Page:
“There’s a great tradition of experimental writers in Ireland like Laurence Sterne, Joyce, Ethel Lilian Voynich, Beckett, Flann O’Brien and Blanaid Salkeld, and I wondered if they would struggle to get published

[nowadays], and I suspect a good few of them might,” says Tomaselli.

“Irish publishing is in rude health at the moment, but it’s the journals that can perhaps take a few more risks with writers, and writers can take a few more risks with their writing. They can demand more from their readers, ask them to trust them and take strange digressions, as the stories and essays are usually quite short.”

Tomaselli publishes her twice-yearly print journal in a book format as she wants to lend a permanence to gorse. But with a background in web editing, she says she also loves to read online and doesn’t think print and online magazines are mutually exclusive.

Morris says the beauty of online is its immediacy: “Someone can write a piece in the morning, and it could be online by the afternoon, and read by thousands by the evening. Print periodicals are a much slower thing, and they can’t react to events with the same speed as online journals. That’s not necessarily a good or bad thing, but it is a clear point of difference.”

Print periodicals could learn a lot from online publications when it comes to sharing content and maintaining a distinct web presence, according to the Stinging Fly editor, “but their first priority should always be the work and the writers they publish – and central to that is the thorough and patient editorial process. That can and shouldn’t be rushed.”

Fresh work

A new journal launching this month will publish both digitally and in print twice a year. Banshee, set up by Claire Hennessy, Eimear Ryan and Laura Jane Cassidy, aims to appeal to both people who are familiar with the "admittedly-small-and-enclosed world" of literary journals, as well as those who aren't but want to sample fresh work.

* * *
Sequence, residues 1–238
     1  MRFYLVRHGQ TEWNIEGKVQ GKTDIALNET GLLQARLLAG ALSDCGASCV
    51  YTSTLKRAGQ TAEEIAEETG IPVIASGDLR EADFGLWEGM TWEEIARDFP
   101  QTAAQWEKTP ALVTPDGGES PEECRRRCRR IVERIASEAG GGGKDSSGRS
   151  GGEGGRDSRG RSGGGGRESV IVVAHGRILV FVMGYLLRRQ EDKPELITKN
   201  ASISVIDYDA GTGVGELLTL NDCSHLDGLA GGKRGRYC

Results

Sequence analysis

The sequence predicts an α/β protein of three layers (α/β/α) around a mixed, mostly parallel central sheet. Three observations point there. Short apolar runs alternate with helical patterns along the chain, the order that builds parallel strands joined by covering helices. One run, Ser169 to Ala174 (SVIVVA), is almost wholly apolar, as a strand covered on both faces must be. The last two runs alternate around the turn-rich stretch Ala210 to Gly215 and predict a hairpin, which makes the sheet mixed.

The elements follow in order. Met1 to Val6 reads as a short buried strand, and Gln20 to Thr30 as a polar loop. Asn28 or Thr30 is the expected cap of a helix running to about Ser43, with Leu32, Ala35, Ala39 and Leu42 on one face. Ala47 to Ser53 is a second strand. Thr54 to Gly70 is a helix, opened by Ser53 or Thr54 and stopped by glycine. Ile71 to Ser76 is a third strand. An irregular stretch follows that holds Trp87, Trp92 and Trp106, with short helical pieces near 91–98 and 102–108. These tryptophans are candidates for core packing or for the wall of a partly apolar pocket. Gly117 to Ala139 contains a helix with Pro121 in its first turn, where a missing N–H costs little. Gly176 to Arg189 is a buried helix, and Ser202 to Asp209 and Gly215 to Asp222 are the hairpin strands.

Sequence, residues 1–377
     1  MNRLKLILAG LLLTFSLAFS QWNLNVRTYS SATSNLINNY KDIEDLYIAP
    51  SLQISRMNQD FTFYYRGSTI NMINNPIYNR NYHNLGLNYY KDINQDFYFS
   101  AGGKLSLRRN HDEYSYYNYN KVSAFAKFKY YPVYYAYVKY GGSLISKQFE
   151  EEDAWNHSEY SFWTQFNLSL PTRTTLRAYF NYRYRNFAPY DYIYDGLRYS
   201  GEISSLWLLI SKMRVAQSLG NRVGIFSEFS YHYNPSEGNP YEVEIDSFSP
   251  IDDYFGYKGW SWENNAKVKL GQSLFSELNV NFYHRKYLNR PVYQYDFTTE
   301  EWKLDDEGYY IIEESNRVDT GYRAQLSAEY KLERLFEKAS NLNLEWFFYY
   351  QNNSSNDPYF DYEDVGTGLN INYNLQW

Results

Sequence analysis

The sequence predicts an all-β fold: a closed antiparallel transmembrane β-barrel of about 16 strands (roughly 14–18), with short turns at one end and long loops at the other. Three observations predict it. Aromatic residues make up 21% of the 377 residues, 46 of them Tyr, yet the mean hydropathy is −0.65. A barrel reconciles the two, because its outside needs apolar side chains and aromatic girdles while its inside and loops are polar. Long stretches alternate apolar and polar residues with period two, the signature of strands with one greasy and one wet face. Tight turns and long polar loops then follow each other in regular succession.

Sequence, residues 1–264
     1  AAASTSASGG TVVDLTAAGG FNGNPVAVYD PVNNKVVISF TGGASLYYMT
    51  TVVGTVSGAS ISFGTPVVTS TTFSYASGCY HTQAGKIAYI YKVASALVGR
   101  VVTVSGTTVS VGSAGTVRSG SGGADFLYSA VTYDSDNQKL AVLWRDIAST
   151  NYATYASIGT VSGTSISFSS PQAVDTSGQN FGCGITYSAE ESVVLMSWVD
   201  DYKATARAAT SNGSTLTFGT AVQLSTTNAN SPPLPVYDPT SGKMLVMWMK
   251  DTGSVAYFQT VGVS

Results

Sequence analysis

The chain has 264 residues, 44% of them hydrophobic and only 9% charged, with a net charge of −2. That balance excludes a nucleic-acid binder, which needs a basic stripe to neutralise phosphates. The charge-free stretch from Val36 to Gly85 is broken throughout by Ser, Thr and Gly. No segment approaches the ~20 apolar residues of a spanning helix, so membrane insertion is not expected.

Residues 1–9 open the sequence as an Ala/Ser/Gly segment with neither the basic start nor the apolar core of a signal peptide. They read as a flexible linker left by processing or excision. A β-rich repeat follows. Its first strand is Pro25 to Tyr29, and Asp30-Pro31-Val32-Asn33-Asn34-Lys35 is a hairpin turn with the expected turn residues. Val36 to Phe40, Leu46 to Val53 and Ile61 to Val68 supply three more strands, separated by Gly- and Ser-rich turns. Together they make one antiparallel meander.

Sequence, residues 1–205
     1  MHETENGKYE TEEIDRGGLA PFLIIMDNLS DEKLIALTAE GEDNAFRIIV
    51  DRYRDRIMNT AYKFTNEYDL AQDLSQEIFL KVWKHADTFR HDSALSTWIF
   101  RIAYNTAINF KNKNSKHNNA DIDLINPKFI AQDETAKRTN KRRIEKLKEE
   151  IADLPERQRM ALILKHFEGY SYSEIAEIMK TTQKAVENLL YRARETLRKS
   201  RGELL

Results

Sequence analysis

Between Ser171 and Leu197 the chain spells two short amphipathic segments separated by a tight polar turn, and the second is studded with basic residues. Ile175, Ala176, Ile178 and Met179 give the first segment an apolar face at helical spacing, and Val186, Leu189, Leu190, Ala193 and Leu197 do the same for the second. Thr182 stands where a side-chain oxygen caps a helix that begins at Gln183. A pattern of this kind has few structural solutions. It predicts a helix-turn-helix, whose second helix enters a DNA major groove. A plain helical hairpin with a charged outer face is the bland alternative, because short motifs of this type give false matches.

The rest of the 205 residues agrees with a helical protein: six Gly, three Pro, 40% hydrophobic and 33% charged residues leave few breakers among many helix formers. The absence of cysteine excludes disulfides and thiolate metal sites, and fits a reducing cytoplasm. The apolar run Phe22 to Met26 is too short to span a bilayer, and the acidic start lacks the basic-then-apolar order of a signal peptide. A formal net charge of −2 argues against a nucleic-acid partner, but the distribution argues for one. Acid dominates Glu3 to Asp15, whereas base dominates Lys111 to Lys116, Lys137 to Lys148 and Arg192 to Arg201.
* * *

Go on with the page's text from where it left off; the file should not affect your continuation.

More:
A new product in a competitive market needs a reason to exist. Is there a gap that isn’t currently being filled? “We’re an editorial team of three women under 30,” says Hennessy. “We’re not a women’s-only publication at all (though some people presume anything with women at the top must be), but I suspect we collectively might have different tastes to, say, men in their 60s.”

Hennessy says Banshee is interested in work that’s both literary and accessible, “exciting and smart without being pretentious”. Their list of influences ranges from Daphne du Maurier, George Saunders and Kevin Barry to Judy Blume, Sofia Coppola and Joss Whedon. “We also believe in paying our writers – a thing that is becoming harder and harder to do for literary journals, especially new ones,” she says.

As new journals emerge, older ones are continually coming up with ideas to keep readers enticed. Poetry Ireland Review dates back to 1948 and editor David Marcus, then John Jordan in the 1960s, followed by the establishment of the current imprint of the journal by John F Deane in 1981. Editors have included Paul Muldoon, Eiléan Ní Chuilleanáin, Michael Longley and Vona Groarke.

Paul Lenehan, its publications manager, says they aim to showcase contemporary poetry, both established and new. The journal also features artwork from contemporary visual artists, recently including James Hanley, Cian McLoughlin and Martin Gale. Publication of regular themed issues, such as the Seamus Heaney tribute issue, this month’s WB Yeats commemorative issue and next year’s issue on the Rising Generation of contemporary poets to celebrate the 1916 centenary, also helps to keep things fresh.

“Reader figures are growing, especially for our themed issues, which will sell up to 3,000 copies,” says Lenehan. “Each regular issue of the journal will sell about 1,000 copies. Because many of the contributors to the Yeats issue have huge international reputations (Margaret Atwood, Sharon Olds, Colm Tóibín, Thomas Kinsella), we expect to sell substantial quantities of issue 116 in Britain and the US.”

Fostering an emerging generation of poets is at the heart of each issue, according to Lenehan. “Almost all of our current younger generation of poets with just a debut collection published, such as Martin Dyar, Caoilinn Hughes, Jessica Traynor and Rebecca O’Connor, have published work in Poetry Ireland Review.”

Lenehan’s sentiments on incubating talent are echoed across the board, which is encouraging for new writers starting down the long and often lonely road to publication. As Guinness puts it: “Writing is a lonely business. To discover that someone whose taste and judgement you respect takes your work seriously is all a writer needs to devote the next day to the task.”

Tickets for the dlr's Salon Nights at the Studio series can be purchased here.